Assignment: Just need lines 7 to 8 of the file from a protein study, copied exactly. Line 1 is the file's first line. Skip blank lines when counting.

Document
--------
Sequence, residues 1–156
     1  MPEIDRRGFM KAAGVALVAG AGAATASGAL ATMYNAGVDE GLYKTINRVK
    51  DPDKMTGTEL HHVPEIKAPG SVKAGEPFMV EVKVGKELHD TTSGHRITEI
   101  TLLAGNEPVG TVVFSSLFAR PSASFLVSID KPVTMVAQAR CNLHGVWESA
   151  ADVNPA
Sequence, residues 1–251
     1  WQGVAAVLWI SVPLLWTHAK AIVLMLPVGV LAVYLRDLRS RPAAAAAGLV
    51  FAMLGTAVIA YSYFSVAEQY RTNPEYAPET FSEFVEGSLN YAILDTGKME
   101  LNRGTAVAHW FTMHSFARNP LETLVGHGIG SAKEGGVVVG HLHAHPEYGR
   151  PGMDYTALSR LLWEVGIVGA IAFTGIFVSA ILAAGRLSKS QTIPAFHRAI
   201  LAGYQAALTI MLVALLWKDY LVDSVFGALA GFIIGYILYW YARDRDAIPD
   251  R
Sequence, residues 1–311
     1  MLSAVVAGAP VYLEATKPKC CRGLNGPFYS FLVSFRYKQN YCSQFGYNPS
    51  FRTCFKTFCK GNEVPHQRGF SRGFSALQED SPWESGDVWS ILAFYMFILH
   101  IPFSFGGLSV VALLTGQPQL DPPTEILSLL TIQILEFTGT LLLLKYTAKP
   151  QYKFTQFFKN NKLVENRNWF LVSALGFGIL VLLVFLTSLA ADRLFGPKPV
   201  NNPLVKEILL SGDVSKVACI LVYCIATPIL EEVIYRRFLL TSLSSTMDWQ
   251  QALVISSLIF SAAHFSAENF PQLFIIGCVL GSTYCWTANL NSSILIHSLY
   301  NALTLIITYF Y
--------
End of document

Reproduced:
     1  WQGVAAVLWI SVPLLWTHAK AIVLMLPVGV LAVYLRDLRS RPAAAAAGLV
    51  FAMLGTAVIA YSYFSVAEQY RTNPEYAPET FSEFVEGSLN YAILDTGKME